Once you have cleaned up your system, you will start to be acutely aware of how sensitive your body is to certain foods. It seems to me that our body adapts and accepts some of the bad things we eat as normal, so when the body stops receiving those items, there is a period of re-adjustment back to a clean slate. Once that item hits your stomach again, watch out. At first, I noticed this effect with milk and other dairy products. My stomach was almost always upset after I even had a few slices of cheese. If I had eaten an ice cream cone as a treat, it made me suffer through the night until it had all been eliminated. Now, I’ve become more aware of the effects of bread and other carbohydrates on my system. I can almost predict when I will have a sugar crash if I treat myself to a chocolate bar.
Ferriss uses the phrase “the devil is in the details,” in a title of a section about the effects of cold temperatures to the body, and more specifically, burning off fat. I think the phrase applies aptly to the majority of the diet section, because the smallest things really do matter the most. Whether it is the foods you cut out of your diet, or the supplements you take, or following a regime of cold treatments or standardized eating times, they all add up to major improvements. As he states in his promotional video above: 2.5% effort for 95% of the results.
All that being said, the two combine into an overwhelming force. When you are faced with a blitzkrieg of small details that truly do matter, it can be tough to take it all in. Some of the paragraphs about the various supplements are daunting to myself to comprehend at times, and I think the book’s primary strength (so far) is when the information is laid out in an easy to read, comprehensible style. If the book was completely a reference guidebook, some of the meatier sections would be fine, but the combination of the two give the book a different feel compared to most.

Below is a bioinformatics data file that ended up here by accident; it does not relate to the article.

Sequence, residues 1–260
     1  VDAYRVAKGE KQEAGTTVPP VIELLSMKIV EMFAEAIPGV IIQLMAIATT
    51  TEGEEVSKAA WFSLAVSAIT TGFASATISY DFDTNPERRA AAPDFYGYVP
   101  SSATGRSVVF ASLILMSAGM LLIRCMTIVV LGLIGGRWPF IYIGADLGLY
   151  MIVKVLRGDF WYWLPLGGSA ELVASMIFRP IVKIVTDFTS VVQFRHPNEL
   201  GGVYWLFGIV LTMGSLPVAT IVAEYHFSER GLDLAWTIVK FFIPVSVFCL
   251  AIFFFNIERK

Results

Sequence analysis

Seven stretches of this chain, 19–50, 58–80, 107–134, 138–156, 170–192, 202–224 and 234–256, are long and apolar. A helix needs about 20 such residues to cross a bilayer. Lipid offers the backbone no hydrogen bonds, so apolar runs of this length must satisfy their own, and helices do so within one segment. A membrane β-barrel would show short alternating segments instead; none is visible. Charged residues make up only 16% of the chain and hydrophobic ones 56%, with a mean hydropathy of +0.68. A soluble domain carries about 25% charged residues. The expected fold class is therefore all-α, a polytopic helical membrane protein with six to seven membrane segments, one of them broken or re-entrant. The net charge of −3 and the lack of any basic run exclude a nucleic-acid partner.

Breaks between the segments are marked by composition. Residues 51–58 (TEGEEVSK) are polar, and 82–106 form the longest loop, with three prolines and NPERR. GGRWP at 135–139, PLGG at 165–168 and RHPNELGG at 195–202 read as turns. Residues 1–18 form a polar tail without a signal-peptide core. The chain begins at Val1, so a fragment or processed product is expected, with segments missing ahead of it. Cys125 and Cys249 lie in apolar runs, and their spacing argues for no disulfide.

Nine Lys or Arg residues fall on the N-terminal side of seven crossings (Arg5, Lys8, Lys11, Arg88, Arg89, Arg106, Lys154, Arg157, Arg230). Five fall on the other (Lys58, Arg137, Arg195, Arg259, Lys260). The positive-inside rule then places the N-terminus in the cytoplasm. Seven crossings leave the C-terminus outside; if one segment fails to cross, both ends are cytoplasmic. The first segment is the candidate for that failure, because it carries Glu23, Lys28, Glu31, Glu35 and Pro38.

He does recommend skipping certain sections in order to get the most valuable information in and not get too overwhelmed. It was a recommendation I did not listen to at the start, but I might follow through with it during the sections when it gets biology/chemistry heavy.
As for implementing the suggestions for a Slow-Carb Diet, I am in the planning stages of a transition. I am not one for jumping into things without some guidelines and a clear plan. Ferriss suggests starting with a change with the breakfast meal, as it will have the biggest impact on your goals overall. In the summer months, I was eating a lot more eggs than I am now, and that is when I had the biggest weight loss. Needless to say, I bought two dozen last night to get me jump started again. The rest of the cupboard space is getting cleaned out and restocked this coming weekend to take the Slow-Carb Diet head-on. I am looking forward to exploring beans and other legumes again, as that was a restriction that the Primal Blueprint advised against.
The Muscle section is coming up now. A new section to read and plan for; and surely, by the time I finish it, I will have come across several more interviews and promotions.
I compiled some resources for people to get a jump start following a 4 Hour Body or Primal Lifestyle. I personally switch between a 30 pound and 40 pound kettle bell depending on the exercise (I prefer to do more one-arm kettlebell swings then the two-arm). The Primal Blueprint Recipe Book is real tasty and easy to prepare, and the DVD was useful for me in the start of my program. I hope you find these useful: